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    Jaguar Land Rover Introduces Autonomous Urban Mobility Electric Concept

    Jaguar Land Rover (JLR) announced a new concept vehicle that’s truly unique in every way, especially when stacked up against the British brand’s usual offerings. The concept, dubbed Project Vector, is a four-wheel urban mobility that’s all-electric, fully autonomous, and ready to take on present and future urban mobility challenges with “unparalleled interior space and flexibility in vehicle configuration.”


    “Project Vector concept has been created with the mission to raise the quality of future urban living,” goes JLR’s press release statement for their new concept. “It will also address the wider landscape of mobility, from how customers connect with mobility services, to the infrastructure required to enable fully integrated, autonomous vehicles in our cities.”





    The ‘shuttle look’ displayed by this Jaguar concept mirrors many futuristic designs, including that of futurologist Tom Cheesewright, which has large glass windows  that take up a lot of exterior real estate, similar to this one.


    Unlike Cheesewright’s design, which can presumably fit a mattress, the JLR concept still comes with traditional seats for the driver and front passenger. There’s also a steering wheel for those who want to turn off AI and wrestle vehicle control from the machine. Granted, both cars come with configurable cabins that accommodate cargo as well as passengers, similar to Cheesewright’s design.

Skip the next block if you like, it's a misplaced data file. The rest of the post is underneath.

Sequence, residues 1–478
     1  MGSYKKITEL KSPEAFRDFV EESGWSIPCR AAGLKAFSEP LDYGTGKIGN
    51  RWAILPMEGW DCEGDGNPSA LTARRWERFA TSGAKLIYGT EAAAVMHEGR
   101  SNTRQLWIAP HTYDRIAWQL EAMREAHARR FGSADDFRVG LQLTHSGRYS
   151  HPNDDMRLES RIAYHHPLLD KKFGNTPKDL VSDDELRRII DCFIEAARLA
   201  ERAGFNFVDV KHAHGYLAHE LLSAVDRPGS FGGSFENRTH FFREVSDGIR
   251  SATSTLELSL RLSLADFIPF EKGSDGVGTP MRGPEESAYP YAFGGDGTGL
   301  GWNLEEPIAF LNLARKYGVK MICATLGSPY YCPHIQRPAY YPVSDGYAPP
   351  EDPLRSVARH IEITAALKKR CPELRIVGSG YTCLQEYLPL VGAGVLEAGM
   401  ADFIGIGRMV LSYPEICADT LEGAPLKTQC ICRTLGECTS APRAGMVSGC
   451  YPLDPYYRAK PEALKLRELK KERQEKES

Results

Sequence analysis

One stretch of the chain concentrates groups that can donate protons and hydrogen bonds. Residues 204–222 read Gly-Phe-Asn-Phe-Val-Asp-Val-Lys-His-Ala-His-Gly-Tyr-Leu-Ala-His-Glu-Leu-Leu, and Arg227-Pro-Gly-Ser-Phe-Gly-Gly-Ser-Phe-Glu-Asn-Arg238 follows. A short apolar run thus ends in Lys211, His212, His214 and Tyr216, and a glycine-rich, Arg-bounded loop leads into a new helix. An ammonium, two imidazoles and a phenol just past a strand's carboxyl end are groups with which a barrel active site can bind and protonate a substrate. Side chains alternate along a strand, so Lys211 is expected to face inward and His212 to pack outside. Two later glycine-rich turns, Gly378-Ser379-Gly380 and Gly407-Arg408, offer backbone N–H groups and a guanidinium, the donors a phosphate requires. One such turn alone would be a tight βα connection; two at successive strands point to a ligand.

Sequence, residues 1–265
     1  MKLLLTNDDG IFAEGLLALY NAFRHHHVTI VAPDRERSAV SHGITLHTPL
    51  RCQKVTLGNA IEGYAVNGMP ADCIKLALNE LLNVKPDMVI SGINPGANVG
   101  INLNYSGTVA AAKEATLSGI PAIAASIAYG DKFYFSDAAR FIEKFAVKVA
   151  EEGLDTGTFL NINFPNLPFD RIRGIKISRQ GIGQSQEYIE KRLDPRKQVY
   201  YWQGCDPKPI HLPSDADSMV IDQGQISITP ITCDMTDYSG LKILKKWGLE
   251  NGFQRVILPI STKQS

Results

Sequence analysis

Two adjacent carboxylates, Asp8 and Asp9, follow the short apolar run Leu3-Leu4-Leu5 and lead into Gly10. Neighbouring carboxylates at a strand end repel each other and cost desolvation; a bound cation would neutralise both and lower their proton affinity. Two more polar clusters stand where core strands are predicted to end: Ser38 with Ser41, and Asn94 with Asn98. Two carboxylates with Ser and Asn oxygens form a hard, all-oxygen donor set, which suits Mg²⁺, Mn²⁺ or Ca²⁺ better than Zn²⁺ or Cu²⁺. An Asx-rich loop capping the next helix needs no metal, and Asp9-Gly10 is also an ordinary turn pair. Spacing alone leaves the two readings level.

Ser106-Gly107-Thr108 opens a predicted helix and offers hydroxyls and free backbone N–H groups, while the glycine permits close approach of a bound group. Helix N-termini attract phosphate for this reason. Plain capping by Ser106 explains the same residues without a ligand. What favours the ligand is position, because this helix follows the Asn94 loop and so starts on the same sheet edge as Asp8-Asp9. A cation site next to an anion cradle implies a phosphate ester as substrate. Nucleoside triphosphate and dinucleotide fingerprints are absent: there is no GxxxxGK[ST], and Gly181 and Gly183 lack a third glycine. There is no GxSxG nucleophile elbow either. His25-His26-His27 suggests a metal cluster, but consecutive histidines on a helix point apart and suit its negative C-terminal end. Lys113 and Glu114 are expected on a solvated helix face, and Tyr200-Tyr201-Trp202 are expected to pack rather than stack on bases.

JLR describes the electric vehicle (EV) concept ass four meters in length, with its battery and drivetrain all housed inside the flat floor to allow versatile use. “The revolutionary interior cabin space allows seating configurations for private, or shared use and even the opportunity for commercial applications, such as last mile deliveries,” the company describes.





    Project Vector was developed at the National Automotive Innovation Centre at the University of Warwick in the UK with the input and insight of academic and industry partners.


    “Our vision shows the vehicle as a flexible part of the urban mobility network that can be adapted for different purposes,” JLR said, adding that the company intends to collaborate with UK’s Coventry City Council and the West Midlands Combined Authority to implement a mobility service for the area from late 2021, as a ‘living laboratory for future mobility’ on the streets of the British city where they can develop and tweak the technology in real time.

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